Reshma Saujani

Founder and CEO, Girls Who Code
 

Reshma Saujani is the founder and CEO of Girls Who Code, a national non-profit organization working to close the gender gap in technology. Through its Summer Immersion Programs and Clubs, Girls Who Code is leading the movement to inspire, educate, and equip young women with the computing skills to pursue 21st Century opportunities.

Started in 2012, the organization has grown to reach 40,000 girls in every state by the end of 2016. This year, Girls Who Code will run 78 Summer Immersion Programs and 1500 Clubs. The results speak for themselves: 90 percent of alumnae have declared or intend to declare a major or minor in computer science.

Saujani began her career as an attorney and activist. In 2010, she surged onto the political scene as the first Indian American woman to run for U.S. Congress. During the race, Saujani visited local schools and saw the gender gap in computing classes firsthand, which led her to start Girls Who Code. Saujani has also served as Deputy Public Advocate for New York City and ran a spirited campaign for Public Advocate in 2013.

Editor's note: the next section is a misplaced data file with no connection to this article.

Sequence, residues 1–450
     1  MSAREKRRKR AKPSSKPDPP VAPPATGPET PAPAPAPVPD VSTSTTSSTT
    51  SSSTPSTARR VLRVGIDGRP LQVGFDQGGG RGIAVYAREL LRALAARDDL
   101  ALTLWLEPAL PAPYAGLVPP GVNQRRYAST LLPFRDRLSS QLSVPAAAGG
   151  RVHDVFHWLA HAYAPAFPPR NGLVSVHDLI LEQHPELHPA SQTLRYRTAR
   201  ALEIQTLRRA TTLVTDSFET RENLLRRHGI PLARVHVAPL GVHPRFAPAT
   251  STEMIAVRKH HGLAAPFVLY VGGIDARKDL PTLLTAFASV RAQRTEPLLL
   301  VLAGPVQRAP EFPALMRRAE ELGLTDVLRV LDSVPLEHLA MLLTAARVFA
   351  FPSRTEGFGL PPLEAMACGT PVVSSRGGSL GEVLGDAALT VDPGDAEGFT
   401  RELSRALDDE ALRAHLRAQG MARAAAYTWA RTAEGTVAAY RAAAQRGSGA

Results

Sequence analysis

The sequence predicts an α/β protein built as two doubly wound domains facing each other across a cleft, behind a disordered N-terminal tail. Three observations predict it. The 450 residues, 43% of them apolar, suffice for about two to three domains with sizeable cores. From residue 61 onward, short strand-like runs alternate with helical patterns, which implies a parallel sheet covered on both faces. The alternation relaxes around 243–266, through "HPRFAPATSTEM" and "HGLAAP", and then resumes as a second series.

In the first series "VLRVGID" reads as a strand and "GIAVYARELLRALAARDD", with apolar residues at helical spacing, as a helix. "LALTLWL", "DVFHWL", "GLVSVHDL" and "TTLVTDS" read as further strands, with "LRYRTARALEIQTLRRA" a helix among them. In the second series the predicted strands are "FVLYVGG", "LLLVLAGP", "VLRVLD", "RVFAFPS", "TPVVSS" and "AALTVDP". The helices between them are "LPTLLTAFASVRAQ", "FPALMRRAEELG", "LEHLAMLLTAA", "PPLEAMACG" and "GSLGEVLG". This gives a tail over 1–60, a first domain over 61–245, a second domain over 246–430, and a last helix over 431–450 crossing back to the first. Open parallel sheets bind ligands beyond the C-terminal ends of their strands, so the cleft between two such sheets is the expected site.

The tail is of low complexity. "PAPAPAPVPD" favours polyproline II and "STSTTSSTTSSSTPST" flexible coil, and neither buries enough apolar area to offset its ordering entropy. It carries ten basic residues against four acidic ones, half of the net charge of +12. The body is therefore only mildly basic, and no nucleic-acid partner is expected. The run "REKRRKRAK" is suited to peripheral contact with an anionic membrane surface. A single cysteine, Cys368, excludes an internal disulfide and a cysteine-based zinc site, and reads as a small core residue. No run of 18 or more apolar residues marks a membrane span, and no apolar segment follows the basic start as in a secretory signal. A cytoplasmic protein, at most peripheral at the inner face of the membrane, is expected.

Saujani’s TED talk, “Teach Girls Bravery, Not Perfection”, has more than three million views and has sparked a national conversation about how we’re raising our girls. She is also the author of the groundbreaking new book, Women Who Don’t Wait In Line. Saujani is a graduate of the University of Illinois, Harvard’s Kennedy School of Government, and Yale Law School. She’s been named one of Fortune’s“World’s Greatest Leaders”, Fortune’s40 under 40, a Wall Street JournalMagazine“Innovator of the Year”, one of the 50 Most Powerful Women in New York by the New York Daily News, CNBC's Next List, Forbes'sMost Powerful Women Changing the World, Fast Company's100 Most Creative People, Crain’s New York40 Under 40, Ad Age'sCreativity 50, Business Insider's50 Women Who Are Changing the World, City & State'sRising Stars, and an AOL/PBS Next MAKER.


Reshma Saujani is a serial failed politician. Strikingly, it is because of her failures she has built a national movement that is changing the conversation about women and technology. Recounting More